Discussion in 'Fibromyalgia Main Forum' started by RoseSky, Aug 18, 2003.

  1. RoseSky

    RoseSky New Member

    One of my doctors just suggested that I find a good therapist. He was trying to explain to me that there is no "quick-fix" or "magic pill" for CFS and that it requires a lot of different approaches put together (almost like puzzle pieces) to start getting better. I was just wondering if anyone has or is seeing a therapist and if it really helps. I wouldn't even know what to say to one when they asked why I was there other than "My doctor told me to" because I don't feel depressed or unhappy. I actually have a pretty good life outside of my illness, so I'm not totally convinced therapy would do me any good. Opinions anyone?
  2. Adl123

    Adl123 New Member

    Hi, Rose Sky,
    If your doctor told you to try therapy, It probably would be a good idea to make an appointment and see for yourself if it helps. Be cautious, though, and be sure to get a therapist who believes that Chronic Fatigue and Fibromyalgia really exist. Better still, if you can find one who has them. And remember that, no one, no matter how compassionate or understanding, can know what we are going through if it is totally ouside of their experience, so be patient with your therapist.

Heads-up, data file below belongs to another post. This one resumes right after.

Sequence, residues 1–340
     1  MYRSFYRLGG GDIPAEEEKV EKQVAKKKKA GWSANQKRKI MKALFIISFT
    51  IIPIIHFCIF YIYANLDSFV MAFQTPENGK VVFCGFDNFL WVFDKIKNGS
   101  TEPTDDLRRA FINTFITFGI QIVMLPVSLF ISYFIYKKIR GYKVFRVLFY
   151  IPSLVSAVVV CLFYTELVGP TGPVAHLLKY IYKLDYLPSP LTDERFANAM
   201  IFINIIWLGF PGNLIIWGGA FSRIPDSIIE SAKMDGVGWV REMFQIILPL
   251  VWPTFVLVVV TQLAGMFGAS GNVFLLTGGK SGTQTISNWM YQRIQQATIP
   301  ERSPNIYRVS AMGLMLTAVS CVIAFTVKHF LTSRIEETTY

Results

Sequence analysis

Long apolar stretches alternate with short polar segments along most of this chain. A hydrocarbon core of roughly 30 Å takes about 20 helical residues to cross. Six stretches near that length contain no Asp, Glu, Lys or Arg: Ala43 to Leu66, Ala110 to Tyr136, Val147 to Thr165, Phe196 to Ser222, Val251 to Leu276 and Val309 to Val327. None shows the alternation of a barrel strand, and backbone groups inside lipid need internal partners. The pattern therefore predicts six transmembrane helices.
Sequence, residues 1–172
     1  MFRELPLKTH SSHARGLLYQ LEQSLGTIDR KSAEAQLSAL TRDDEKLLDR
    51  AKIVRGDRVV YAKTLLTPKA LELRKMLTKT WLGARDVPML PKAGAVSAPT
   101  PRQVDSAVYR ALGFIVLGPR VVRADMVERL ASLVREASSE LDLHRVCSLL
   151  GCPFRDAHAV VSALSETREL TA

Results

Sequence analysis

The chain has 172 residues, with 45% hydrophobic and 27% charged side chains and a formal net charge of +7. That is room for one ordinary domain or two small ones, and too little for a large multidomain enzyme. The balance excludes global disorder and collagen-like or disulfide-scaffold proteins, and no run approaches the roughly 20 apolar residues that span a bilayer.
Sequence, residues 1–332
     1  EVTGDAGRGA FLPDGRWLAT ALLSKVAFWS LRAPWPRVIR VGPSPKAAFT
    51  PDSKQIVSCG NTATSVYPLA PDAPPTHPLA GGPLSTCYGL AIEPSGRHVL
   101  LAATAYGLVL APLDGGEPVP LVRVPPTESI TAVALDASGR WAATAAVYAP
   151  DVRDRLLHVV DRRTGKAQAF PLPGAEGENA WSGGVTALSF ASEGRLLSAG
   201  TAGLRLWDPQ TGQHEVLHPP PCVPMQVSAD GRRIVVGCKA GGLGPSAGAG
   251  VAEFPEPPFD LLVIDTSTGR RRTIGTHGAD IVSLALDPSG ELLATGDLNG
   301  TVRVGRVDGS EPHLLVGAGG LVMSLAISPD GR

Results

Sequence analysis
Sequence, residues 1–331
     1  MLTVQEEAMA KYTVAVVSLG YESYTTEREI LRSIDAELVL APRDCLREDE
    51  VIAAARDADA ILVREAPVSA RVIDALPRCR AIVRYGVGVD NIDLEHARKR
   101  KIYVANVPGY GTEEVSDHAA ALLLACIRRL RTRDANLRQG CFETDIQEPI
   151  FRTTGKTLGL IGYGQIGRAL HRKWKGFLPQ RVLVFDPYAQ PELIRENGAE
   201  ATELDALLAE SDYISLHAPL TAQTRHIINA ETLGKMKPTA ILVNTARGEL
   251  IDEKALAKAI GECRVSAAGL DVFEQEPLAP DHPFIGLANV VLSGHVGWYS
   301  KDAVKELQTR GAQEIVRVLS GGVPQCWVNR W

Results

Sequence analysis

I tried therapy and one therapist tried hard, but simply didn't "get it". They read up on things that say tht exercise helps people with Fibro, but don't take into account the backlash of debilitating pain that comes after exercise. Another therapist really helped.
    Please folow your doctor's advice, but be wise in your judgmets. Good luck. Terry
  3. pixipip

    pixipip New Member

    I've had therapy on and off, it realy helped me to deal with my anger and frustration re: not being listened to, being told I'm just a hypoconriac, it's all in my head and so oooooooon, one good thing did come out of it a few years ago, My therapist wrote to my GP and told him to get me some help cos my pain was deffinately not psycho somatic!
    Good luck if you deside to try it.

    Love & Light,
  4. Lana56

    Lana56 New Member

    Hi Rose,